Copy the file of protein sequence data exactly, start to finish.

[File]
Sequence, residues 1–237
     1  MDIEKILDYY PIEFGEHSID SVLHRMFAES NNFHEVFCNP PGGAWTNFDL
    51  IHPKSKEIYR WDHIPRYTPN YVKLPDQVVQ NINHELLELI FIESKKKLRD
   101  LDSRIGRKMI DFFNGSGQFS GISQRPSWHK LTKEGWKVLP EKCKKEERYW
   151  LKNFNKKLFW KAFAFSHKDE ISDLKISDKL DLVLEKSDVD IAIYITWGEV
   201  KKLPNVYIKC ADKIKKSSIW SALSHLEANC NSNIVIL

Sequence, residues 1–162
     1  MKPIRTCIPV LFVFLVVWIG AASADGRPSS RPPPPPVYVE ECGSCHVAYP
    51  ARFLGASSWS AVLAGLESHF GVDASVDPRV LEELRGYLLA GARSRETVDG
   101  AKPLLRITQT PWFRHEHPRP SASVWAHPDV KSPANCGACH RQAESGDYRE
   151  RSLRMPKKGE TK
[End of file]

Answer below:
Sequence, residues 1–237
     1  MDIEKILDYY PIEFGEHSID SVLHRMFAES NNFHEVFCNP PGGAWTNFDL
    51  IHPKSKEIYR WDHIPRYTPN YVKLPDQVVQ NINHELLELI FIESKKKLRD
   101  LDSRIGRKMI DFFNGSGQFS GISQRPSWHK LTKEGWKVLP EKCKKEERYW
   151  LKNFNKKLFW KAFAFSHKDE ISDLKISDKL DLVLEKSDVD IAIYITWGEV
   201  KKLPNVYIKC ADKIKKSSIW SALSHLEANC NSNIVIL

Sequence, residues 1–162
     1  MKPIRTCIPV LFVFLVVWIG AASADGRPSS RPPPPPVYVE ECGSCHVAYP
    51  ARFLGASSWS AVLAGLESHF GVDASVDPRV LEELRGYLLA GARSRETVDG
   101  AKPLLRITQT PWFRHEHPRP SASVWAHPDV KSPANCGACH RQAESGDYRE
   151  RSLRMPKKGE TK